6 Div. 622.

142 So.2d 923 (1962)


Supreme Court of Alabama.

Attorney(s) appearing for the Case

Robt. A. Sapp, Cullman, for appellant.

St. John & St. John, Cullman, for appellee.

GOODWYN, Justice.

Appeal by one of the respondents (C. M. Kelsoe) from a decree of the circuit court of Cullman County, in equity, overruling his demurrer to appellee's amended bill of complaint seeking the establishment of a disputed boundary line between said parties' tracts of land. Code 1940, Tit. 47, § 2 et seq. The other respondent (Harold H. Kelton) has not appealed from the decree overruling his demurrer to the bill and has not joined in the appeal. The appeal was taken prior to passage of Act No. 72, appvd. Sept. 15, 1961, Laws 1961, Sp.Sess., p. 1947, amending § 755, Tit. 7, Code 1940, and providing that a decree overruling or sustaining a demurrer to a bill or cross-bill in equity is not appealable.

The ground of demurrer relied on by appellant is that there is no equity in the bill.

One insistence is that the bill lacks equity in failing to allege that a dispute exists as to the correct line. A reading of the bill, which includes an agreement between appellant and appellee with respect to having said line established by V. H. Padgett, a registered engineer, dispels any doubt that the bill sufficiently alleges a dispute as to the location of the boundary line.

The bill sets out the description of each parcel of land according to the government survey, as does also the said agreement between appellant and appellee, made an exhibit to the bill. Appellant argues that the bill "is not aided by the exhibit * * * since it does not appear therein that the surveyor was to find the correct dividing line"; that "failing to so direct said surveyor to find the correct dividing line leaves the agreement null and void as an abortive attempt to relocate the government's survey so far as the parties attempt to agree that the survey of V. H. Padgett will be conclusive upon the parties" and "to bind the court to the survey of said surveyor" whether or not "the survey established is the correct government subdivision line"; and that "the court is called on to establish the surveyor's line rather than to establish the correct government subdivision line."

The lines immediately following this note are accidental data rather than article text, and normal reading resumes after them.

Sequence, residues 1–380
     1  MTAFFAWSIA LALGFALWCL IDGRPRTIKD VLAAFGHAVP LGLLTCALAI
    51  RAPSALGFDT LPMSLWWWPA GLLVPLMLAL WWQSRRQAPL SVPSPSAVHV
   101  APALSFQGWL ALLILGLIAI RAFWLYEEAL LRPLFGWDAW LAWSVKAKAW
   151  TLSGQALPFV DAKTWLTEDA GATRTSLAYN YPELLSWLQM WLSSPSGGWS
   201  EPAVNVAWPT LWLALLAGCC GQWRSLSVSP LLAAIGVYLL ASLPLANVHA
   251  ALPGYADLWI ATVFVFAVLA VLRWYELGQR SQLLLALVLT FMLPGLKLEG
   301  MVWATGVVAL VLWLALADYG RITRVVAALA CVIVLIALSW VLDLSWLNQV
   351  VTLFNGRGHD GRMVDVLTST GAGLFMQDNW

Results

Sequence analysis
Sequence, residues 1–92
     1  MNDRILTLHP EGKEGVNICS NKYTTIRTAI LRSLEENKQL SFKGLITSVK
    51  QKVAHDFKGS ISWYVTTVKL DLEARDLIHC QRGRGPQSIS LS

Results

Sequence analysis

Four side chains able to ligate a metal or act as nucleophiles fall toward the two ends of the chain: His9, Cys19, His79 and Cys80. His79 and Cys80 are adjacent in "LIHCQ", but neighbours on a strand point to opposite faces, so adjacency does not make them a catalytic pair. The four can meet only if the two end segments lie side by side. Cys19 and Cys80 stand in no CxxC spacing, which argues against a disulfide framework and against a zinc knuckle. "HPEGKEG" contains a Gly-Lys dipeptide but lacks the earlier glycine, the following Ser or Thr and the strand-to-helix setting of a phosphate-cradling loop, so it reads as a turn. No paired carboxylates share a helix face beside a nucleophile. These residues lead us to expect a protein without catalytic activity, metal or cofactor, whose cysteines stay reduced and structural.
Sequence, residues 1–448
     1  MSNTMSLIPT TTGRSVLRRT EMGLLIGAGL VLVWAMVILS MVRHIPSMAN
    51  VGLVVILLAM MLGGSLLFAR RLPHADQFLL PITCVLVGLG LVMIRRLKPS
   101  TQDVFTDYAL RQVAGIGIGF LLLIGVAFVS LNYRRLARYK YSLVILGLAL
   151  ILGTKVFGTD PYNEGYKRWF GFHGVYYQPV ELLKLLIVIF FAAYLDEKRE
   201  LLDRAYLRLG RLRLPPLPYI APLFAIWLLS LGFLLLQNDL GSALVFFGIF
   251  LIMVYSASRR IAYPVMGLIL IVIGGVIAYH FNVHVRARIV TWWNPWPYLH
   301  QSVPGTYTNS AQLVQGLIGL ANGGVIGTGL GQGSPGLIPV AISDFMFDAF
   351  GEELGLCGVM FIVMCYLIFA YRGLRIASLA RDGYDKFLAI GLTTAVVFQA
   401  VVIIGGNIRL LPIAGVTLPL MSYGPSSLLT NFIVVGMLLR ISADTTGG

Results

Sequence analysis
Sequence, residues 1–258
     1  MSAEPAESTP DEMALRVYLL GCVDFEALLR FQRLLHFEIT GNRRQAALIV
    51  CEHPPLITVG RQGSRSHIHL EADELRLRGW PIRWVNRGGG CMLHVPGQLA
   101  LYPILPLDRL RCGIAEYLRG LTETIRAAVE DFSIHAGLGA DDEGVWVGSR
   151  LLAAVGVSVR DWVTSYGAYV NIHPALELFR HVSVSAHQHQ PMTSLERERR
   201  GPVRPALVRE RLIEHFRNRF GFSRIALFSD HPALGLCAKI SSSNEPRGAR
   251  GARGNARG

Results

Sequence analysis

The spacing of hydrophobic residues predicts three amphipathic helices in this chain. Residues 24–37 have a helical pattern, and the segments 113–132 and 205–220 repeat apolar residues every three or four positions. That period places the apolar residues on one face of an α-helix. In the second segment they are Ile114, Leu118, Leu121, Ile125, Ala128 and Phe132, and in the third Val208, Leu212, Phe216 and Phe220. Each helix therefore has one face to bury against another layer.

As we read the bill, including the exhibited agreement, it seeks only to locate the government survey line which runs between the two tracts of land. We do not think the equity of the bill is dependent upon the validity of the agreement, and find no need to discuss its validity on this appeal. Moreover, it is to be noted that the agreement describes the two tracts according to the government survey, recites that the parties "are coterminous land owners and a dispute exists between them as to the true dividing line between their said land as described aforesaid," and contains the following provision:

"Parties agree to employ V. H. Padgett, Registered Engineer, to survey said dividing line so as to establish said line from a point of beginning, as established section corner, and to place permanent monuments in concrete along the half section line dividing the lands of the parties hereto."

It is to be noted, also, that the relief prayed for is not confined to establishment of the line according to Padgett's survey, but that the court enter a decree establishing the boundary line. Thus, the work cut out for the trial court will be to determine the location of the government survey line running between the two tracts of land. (There is no question of a different line being established by adverse possession.) The line as run by Padgett might or might not be such line. That, of course, is something the trial court must determine. To that end, Code 1940, Tit. 47, § 5, provides that the court "may * * * direct a competent surveyor or surveyors to make a survey for the purpose of * * * locating the position of a line of the government survey."

The decree appealed from is due to be affirmed.


LIVINGSTON, C. J., and LAWSON and COLEMAN, JJ., concur.


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